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Gee, isn't it great that some companies donate some of their profits to charity, help find homes for lost dogs, support recycling efforts and use energy-saving LED light bulbs in their factories?

Sure it is, but a new study confirms that such socially responsible activities can create a "health halo" over foods that are really no healthier than competing products. 

"Research demonstrates that consumers frequently engage in inference making when evaluating food products. These inferences can be highly inaccurate, leading to unintended, unhealthy consumer choices," say the authors of a study published in the Journal of Public Policy & Marketing.

The authors asked study participants to make assumptions about the healthfulness of a future granola bar product. The people who were told that the granola bar company had won many awards for its public service predicted that the granola bar would therefore be extremely healthy.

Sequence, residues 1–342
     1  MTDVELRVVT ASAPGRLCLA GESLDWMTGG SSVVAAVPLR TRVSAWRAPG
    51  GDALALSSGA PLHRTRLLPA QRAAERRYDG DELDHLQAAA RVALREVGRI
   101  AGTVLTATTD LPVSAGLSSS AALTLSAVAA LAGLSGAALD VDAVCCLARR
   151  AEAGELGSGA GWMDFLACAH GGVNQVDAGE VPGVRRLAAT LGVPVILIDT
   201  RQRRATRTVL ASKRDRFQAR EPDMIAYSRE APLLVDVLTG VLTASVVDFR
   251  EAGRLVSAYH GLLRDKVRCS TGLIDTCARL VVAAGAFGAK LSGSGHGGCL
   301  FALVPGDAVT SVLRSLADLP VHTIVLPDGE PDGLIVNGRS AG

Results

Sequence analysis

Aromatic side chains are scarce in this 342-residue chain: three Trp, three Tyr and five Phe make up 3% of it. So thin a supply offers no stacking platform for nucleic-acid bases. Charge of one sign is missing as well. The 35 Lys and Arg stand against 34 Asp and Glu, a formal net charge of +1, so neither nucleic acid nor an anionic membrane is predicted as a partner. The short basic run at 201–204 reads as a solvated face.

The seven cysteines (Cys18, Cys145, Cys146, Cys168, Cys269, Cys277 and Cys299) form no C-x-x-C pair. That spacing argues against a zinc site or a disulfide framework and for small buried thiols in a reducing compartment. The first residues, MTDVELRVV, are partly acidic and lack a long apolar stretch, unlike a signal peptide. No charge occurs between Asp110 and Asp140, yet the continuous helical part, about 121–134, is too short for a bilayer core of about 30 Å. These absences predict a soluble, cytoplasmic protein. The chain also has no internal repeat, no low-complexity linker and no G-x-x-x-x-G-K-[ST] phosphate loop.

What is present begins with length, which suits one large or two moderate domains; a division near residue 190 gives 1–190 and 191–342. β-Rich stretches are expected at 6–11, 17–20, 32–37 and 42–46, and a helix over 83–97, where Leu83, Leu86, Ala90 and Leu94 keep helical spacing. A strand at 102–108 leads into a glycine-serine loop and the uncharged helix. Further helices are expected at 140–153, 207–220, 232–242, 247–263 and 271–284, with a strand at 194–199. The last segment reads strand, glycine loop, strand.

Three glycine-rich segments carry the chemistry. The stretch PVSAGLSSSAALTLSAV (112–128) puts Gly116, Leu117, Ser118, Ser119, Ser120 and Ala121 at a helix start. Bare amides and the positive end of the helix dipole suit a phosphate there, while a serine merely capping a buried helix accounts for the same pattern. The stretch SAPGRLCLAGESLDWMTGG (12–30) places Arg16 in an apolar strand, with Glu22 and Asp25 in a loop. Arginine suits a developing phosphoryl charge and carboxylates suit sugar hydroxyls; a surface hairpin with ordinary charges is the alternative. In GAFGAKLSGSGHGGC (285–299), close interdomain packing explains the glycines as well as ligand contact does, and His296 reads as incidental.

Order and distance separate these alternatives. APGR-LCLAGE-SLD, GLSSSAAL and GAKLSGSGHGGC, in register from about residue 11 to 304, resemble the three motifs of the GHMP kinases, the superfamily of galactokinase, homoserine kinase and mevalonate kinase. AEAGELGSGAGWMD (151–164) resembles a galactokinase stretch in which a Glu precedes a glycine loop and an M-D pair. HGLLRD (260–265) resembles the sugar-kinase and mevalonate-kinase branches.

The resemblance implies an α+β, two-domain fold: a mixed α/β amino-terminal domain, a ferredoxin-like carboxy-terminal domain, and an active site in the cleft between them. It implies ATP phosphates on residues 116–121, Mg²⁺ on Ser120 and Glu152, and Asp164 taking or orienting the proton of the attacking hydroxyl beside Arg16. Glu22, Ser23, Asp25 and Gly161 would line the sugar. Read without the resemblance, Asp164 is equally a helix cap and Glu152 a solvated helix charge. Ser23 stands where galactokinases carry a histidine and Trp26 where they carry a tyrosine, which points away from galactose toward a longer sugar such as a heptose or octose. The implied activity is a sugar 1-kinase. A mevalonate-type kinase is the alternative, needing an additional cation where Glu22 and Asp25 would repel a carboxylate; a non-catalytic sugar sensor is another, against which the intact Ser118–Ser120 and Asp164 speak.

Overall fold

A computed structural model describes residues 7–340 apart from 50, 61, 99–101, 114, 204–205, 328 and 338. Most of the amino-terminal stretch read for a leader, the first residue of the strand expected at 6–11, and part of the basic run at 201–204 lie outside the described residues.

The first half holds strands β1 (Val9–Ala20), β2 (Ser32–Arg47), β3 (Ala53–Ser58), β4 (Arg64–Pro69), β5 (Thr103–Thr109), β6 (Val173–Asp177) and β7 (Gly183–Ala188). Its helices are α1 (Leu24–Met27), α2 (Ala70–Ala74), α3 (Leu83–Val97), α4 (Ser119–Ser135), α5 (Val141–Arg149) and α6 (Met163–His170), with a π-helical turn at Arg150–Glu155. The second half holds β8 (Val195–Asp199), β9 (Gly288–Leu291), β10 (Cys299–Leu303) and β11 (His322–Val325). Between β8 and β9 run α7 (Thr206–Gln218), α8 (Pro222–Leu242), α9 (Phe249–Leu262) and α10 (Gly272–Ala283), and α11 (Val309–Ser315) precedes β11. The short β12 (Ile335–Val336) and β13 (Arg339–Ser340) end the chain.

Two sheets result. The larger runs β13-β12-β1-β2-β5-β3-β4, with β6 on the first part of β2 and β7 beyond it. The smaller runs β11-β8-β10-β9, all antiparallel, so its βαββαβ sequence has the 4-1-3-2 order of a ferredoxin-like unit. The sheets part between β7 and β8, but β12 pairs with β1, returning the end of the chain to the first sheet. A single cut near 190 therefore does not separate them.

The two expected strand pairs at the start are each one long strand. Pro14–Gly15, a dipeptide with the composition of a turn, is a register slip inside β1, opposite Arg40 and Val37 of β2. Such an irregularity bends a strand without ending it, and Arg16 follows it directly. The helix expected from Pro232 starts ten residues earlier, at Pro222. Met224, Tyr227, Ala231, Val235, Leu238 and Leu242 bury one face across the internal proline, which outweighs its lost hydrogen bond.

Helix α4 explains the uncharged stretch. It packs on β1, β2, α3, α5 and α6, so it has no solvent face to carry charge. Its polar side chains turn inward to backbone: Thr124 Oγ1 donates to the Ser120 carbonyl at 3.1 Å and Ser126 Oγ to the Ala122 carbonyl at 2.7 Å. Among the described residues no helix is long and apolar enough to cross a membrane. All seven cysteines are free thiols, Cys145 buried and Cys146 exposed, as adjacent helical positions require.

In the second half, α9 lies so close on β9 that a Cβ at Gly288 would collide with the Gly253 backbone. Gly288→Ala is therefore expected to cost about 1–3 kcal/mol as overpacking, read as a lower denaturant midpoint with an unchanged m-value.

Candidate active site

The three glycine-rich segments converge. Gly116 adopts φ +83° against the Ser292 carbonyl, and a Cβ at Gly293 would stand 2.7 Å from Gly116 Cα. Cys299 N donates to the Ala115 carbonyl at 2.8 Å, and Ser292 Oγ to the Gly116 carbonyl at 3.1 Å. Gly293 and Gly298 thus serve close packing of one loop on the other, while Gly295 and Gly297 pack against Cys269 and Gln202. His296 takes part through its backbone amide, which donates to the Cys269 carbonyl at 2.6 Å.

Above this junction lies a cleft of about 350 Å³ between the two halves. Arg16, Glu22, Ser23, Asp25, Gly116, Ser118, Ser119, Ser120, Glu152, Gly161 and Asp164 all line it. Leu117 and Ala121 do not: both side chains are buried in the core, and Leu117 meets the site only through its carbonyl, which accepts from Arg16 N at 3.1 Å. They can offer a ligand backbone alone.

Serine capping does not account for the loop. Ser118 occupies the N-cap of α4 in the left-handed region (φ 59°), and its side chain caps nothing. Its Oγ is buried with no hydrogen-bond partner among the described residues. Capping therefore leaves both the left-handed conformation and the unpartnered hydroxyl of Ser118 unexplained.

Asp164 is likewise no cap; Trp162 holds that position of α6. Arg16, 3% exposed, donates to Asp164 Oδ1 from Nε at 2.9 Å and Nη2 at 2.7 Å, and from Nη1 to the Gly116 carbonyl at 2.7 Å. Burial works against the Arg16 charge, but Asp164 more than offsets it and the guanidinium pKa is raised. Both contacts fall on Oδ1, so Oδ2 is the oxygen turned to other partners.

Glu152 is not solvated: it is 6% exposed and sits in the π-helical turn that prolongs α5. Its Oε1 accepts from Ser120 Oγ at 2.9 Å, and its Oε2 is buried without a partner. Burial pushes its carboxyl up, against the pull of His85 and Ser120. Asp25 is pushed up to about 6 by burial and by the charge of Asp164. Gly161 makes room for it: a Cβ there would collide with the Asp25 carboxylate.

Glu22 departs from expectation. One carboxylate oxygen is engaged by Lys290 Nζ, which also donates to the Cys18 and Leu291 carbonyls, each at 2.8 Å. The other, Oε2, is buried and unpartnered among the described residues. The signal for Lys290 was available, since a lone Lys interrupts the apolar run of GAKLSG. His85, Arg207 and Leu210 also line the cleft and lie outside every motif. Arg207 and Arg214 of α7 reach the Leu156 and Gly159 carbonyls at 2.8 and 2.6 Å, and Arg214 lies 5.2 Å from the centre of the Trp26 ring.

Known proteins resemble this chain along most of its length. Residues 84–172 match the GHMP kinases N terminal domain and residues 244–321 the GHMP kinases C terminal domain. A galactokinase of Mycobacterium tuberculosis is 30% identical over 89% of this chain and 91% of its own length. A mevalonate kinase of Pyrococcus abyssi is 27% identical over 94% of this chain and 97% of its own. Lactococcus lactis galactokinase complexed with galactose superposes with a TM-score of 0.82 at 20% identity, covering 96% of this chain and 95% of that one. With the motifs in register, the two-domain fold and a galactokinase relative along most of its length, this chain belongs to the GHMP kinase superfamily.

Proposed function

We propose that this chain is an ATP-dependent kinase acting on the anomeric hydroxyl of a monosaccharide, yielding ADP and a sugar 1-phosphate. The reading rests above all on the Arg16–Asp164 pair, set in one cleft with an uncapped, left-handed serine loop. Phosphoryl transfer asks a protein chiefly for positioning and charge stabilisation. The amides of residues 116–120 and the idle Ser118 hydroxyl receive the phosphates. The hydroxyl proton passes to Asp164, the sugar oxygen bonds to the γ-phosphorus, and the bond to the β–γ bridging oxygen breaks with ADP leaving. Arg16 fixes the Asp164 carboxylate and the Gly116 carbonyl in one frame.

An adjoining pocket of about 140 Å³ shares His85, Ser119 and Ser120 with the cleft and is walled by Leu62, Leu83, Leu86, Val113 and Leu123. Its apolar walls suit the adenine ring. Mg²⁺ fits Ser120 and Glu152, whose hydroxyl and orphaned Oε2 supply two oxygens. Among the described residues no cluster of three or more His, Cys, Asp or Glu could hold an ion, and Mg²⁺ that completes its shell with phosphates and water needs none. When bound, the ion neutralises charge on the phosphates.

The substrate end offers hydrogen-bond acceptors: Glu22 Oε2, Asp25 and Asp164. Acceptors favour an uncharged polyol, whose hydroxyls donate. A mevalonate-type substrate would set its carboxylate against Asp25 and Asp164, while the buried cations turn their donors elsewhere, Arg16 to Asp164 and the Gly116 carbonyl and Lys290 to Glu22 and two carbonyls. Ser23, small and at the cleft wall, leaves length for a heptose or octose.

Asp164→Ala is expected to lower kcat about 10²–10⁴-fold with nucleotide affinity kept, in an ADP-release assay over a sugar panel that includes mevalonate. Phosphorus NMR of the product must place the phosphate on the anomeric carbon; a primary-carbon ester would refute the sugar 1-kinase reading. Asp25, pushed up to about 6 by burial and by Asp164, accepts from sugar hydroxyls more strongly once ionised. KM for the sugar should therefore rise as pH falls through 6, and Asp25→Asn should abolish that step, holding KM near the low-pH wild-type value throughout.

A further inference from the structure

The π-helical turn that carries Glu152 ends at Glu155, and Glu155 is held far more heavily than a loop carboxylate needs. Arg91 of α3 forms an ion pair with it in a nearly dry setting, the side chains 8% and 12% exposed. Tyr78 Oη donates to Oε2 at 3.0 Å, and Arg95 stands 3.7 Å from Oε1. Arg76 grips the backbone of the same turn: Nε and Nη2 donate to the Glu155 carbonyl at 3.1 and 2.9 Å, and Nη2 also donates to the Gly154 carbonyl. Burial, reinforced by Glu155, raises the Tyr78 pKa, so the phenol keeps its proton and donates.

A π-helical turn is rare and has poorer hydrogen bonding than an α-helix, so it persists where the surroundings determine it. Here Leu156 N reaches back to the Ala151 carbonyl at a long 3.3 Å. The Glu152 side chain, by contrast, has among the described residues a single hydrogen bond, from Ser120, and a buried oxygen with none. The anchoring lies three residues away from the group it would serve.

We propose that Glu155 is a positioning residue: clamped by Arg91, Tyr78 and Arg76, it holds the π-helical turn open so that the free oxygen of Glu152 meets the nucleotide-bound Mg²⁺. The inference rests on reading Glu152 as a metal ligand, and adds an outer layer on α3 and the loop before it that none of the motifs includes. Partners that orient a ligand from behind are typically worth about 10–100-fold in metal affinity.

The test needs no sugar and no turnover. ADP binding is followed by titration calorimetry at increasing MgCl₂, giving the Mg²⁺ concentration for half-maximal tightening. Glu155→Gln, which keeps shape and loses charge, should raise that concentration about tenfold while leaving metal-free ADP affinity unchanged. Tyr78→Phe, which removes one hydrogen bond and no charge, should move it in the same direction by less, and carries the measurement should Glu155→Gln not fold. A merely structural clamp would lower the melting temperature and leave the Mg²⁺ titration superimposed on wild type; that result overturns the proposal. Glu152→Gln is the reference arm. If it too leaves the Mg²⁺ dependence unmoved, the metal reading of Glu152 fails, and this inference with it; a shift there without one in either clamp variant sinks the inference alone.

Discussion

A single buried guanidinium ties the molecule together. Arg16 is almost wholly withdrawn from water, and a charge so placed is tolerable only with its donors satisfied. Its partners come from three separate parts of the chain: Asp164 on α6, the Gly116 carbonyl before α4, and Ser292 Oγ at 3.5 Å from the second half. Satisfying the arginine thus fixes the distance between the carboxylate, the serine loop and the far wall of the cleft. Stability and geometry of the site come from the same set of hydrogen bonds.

The authors found that this "health halo" encouraged overconsumption and underestimation of calories consumed, adding that the current study could lead to important changes in advertising regulations -- for example, limiting how much information about its social programs a company may include on its food packaging.

The authors say they believe that this and other studies may help raise awareness among those consumers who genuinely want a healthy product, and who don't want their emotions manipulated in ways that lead them to make unhealthy as¬sumptions about food quality.

The study concludes with a warning: "If consumers seeking a healthy diet inaccurately estimate nutritional content of products marketed by firms with strong reputations for corporate social responsibility, it can lead to serious health consequences for both individuals and society."

The authors of the study are John Peloza (University of Kentucky), Christine Ye (Westminster College) and William J. Montford (Florida State University).


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